Ann Watson, Managing Director of the industry awarding organisation, EAL, today urged caution in the interpretation of the . The figures indicate a significant increase in the number of new Apprenticeship starts during 2010/11. At a meeting with industry employers she said:
“Though the rise in Apprenticeship starts may look like a positive trend, questions need to be asked to ensure investment is properly targeted to meet industry needs, and that in the eagerness to increase numbers, the Apprenticeship brand isn’t damaged.
“Between now and 2016, industry will need an additional 68,500 skilled craftspeople and technicians. In engineering and manufacturing alone, technical vacancies at level 3 make up 65 per cent of skills shortages. We need further action to support Apprenticeships at this higher level and beyond, rather than allowing the continuation of the current trend among some high street employers of pinning the Apprenticeship badge on large volume, low-skilled programmes.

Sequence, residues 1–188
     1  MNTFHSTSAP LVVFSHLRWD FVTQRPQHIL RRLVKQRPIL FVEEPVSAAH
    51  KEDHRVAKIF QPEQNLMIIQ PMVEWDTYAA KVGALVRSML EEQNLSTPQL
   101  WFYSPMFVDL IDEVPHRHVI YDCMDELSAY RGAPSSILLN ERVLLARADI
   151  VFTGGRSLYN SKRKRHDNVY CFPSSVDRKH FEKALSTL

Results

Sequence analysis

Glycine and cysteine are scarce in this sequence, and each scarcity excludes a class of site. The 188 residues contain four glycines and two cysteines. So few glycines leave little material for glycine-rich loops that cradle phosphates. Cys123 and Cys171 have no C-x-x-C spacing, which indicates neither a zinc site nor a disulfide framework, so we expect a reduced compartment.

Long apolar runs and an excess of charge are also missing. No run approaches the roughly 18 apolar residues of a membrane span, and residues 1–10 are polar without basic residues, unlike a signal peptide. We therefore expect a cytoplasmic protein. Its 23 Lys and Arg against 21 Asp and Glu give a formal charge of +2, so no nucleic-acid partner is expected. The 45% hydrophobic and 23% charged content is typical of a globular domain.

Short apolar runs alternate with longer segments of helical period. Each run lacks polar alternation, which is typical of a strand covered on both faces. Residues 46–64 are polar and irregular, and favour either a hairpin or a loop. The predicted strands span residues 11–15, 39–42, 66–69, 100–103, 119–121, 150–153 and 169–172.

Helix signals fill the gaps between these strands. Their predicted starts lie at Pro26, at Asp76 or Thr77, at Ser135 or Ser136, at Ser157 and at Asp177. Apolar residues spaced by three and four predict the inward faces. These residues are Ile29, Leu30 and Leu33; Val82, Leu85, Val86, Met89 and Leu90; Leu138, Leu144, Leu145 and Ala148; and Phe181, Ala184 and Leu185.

“If we want to support economic growth by attracting new talent into industry via Apprenticeships, it’s critical we protect their true ethos. Apprenticeships are about providing a sustained and rigorous period of training and assessment – allowing people to develop high levels of specialist knowledge and technical skills. Apprenticeship funding needs to be routed correctly – so that as well as up-skilling adult workers, it creates new jobs for young people and puts them on the path to achieving sustainable and fulfilling employment.
“This is even more important at a time when young people are actively considering Apprenticeships as an alternative career route in order to avoid next year’s increase in university tuition fees.”